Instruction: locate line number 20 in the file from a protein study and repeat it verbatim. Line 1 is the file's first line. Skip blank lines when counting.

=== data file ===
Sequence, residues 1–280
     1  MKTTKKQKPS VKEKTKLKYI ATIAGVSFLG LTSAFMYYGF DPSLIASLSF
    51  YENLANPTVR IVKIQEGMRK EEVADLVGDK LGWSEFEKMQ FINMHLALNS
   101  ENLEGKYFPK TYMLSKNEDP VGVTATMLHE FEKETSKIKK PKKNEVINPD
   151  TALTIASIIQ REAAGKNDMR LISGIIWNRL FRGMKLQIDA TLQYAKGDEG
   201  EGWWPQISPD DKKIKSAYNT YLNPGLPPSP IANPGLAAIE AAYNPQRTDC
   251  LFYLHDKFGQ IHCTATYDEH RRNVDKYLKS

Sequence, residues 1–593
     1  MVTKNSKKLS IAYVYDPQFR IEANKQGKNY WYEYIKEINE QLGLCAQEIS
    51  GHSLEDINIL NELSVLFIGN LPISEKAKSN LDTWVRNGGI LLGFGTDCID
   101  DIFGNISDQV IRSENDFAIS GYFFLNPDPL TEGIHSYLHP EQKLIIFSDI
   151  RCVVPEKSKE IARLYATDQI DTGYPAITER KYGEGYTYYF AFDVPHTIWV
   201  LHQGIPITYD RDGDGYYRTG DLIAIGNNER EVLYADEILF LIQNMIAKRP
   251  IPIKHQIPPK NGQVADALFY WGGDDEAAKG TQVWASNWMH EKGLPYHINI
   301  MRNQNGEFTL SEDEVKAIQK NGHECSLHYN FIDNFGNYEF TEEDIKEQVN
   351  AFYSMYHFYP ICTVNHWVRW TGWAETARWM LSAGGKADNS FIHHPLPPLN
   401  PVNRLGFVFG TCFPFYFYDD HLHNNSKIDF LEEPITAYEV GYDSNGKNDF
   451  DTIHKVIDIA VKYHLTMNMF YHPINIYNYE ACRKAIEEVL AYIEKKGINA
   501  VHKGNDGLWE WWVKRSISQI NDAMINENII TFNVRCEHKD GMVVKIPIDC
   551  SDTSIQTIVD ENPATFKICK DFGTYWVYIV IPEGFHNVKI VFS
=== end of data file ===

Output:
   551  SDTSIQTIVD ENPATFKICK DFGTYWVYIV IPEGFHNVKI VFS